France defends 'freedom of expression'

Protests against Charlie Hebdo hit Middle East, Asia and Africa. Five killed in violent clashes in Niger; photographer injured in Pakistan 

Tulle (France): French President Francois Hollande stressed on Saturday that France had “principles, values, notably freedom of expression” after violent protests against the satirical weekly Charlie Hebdo took place in Niger and Pakistan. Hollande recalled that “we have supported these countries in their fight against terrorism.”

Somali protesters chant slogans holding placards reading ‘I am a Muslim, and I love my Prophet’ in Mogadishu, yesterday. Pic/afp

On Friday, thousands across the world demonstrated against the magazine and violent clashes erupted in Niger and Pakistan as Muslims vented fury over a new Prophet Muhammad cartoon published by the French magazine.
Four people were killed and 45 injured in protests in Niger’s second city of Zinder that turned violent with demonstrators ransacking three churches and torching the French cultural centre.

There was also bloodshed in Karachi, Pakistan, where three people were injured when protesters clashed with police outside the French consulate, officials said. Among them was a photographer of a leading news agency, who was shot in the back.

Right to publish
Washington condemned the violence, stressing the “universal” right of the press to freely publish any kind of information. “No act of legitimate journalism, however offensive some might find it, justifies an act of violence,” said state department spokesman Jeffrey Rathke. As protesters in Dakar and Mauritania torched French flags, Qatar and Bahrain warned that the new Prophet Muhammad cartoon published on Wednesday by the French satirical weekly could fuel hatred.

The latest issue of Charlie Hebdo features a cartoon of Muhammad on its cover holding a ‘Je Suis Charlie’ (I am Charlie) sign under the headline ‘All is forgiven’.

On the Muslim day of prayers, thousands flooded the streets of Bamako, Mali in response to calls by leading clerics and Mali’s main Islamic body, chanting ‘Hands off my prophet’ and ‘I am Muslim and I love my prophet’.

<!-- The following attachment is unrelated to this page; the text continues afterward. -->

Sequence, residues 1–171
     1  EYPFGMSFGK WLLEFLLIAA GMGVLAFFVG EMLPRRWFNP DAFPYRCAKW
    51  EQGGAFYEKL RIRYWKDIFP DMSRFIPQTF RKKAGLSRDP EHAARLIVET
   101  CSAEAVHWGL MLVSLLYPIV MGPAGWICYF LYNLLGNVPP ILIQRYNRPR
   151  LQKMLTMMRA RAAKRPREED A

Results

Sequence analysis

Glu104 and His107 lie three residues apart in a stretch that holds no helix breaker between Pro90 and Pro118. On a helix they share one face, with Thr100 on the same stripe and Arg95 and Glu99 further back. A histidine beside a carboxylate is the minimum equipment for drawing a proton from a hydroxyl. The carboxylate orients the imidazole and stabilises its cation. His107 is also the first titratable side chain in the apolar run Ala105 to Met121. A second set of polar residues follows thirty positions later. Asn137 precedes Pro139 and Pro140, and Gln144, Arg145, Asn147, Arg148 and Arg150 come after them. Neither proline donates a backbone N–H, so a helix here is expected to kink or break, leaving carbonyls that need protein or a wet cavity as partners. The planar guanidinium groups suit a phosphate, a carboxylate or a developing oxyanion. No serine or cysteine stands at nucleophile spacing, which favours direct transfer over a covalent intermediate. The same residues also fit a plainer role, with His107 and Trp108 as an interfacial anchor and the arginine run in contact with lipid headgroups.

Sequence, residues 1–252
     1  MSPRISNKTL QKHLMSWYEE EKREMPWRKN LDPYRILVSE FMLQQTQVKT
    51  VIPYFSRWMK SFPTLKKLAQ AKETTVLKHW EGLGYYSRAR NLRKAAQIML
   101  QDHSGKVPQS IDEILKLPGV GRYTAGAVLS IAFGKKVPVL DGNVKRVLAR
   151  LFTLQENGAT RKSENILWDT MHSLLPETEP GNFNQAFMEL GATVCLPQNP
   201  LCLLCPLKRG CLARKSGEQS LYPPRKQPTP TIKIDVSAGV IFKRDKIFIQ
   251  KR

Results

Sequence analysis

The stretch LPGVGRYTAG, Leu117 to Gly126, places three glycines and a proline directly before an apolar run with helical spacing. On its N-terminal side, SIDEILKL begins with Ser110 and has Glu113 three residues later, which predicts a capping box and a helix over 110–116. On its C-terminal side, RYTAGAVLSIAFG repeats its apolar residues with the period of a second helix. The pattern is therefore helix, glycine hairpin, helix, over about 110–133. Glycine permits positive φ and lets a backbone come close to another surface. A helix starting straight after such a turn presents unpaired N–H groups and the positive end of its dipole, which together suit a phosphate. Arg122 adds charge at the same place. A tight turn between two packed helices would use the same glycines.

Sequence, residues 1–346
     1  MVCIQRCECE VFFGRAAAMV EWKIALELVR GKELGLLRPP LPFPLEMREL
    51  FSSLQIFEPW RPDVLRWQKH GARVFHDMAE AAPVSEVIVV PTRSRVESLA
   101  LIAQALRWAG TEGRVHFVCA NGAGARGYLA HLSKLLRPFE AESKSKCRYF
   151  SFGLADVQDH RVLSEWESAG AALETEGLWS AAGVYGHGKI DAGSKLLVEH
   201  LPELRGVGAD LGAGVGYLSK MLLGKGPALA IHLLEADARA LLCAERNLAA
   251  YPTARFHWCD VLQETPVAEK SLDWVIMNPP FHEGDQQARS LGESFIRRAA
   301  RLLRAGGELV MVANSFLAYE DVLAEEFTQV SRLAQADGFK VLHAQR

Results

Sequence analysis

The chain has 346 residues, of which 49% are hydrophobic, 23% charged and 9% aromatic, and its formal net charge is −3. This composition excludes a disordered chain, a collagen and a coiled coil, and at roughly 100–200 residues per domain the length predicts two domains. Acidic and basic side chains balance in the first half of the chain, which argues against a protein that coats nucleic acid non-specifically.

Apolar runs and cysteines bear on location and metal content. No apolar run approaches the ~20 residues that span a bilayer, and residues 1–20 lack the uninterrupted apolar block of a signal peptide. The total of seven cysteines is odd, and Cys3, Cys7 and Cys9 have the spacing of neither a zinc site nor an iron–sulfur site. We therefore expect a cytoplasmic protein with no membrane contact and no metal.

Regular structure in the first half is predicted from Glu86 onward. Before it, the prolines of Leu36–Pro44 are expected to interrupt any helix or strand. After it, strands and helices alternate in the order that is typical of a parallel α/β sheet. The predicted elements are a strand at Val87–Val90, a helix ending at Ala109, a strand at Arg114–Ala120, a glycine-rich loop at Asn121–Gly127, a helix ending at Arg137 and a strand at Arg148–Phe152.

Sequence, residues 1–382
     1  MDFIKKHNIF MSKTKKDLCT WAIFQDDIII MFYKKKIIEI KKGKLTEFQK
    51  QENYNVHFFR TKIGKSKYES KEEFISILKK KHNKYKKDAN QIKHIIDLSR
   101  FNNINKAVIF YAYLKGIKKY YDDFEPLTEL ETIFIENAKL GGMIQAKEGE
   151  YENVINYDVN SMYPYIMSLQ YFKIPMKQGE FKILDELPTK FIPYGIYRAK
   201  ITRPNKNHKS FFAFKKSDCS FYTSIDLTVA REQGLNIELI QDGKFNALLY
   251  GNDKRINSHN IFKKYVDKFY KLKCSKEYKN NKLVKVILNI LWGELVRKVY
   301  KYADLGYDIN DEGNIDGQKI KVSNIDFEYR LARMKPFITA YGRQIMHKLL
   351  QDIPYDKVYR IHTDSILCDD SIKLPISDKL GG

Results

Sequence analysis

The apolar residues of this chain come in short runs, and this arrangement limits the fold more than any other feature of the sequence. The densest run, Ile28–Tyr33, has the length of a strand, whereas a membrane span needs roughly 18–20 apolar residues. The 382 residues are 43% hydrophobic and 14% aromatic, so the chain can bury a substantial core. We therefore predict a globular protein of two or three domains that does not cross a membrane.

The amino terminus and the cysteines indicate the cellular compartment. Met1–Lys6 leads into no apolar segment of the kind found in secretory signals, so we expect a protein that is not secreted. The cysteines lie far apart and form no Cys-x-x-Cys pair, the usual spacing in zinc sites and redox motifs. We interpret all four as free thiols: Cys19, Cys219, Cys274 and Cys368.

In Jordan’s Amman, around 2,500 protesters set off from Al-Husseini mosque under tight security, holding banners that read “insulting the prophet is global terrorism”.

Francoise Hollande, French President
Francoise Hollande, French President

Clashes and riot
There were clashes between protesters and riot police in Algiers, where 3,000 marchers chanted, “We are all Muhammad”, while some shouted their support for the Islamist Kouachi brothers. Palestinians demonstrated quietly in Jerusalem’s Al-Aqsa mosque compound, some with banners reading “Islam is a religion of peace!”

Meanwhile in Khartoum, hundreds poured out of the Grand Mosque and marched across the adjacent square, chanting “Expel the French ambassador. Victory to the Prophet of God!”

Qatar and Bahrain had sent representatives to a massive march in Paris last Sunday in support of free  speech, Hollande and many other world leaders, including Muslims.

High alert

Brussels: Armed soldiers fanned out to guard possible terror targets across Belgium as authorities rushed to thwart more attacks by people with links to Mideast Islamic extremists, a day after anti-terror raids netted dozens of suspects across Western Europe.

Security has been tightened in several European countries after last week’s attacks in Paris left 17
people dead.

More than 20 people have been arrested in Belgium, France and Germany. Belgium has joined France in deploying troops alongside the police.

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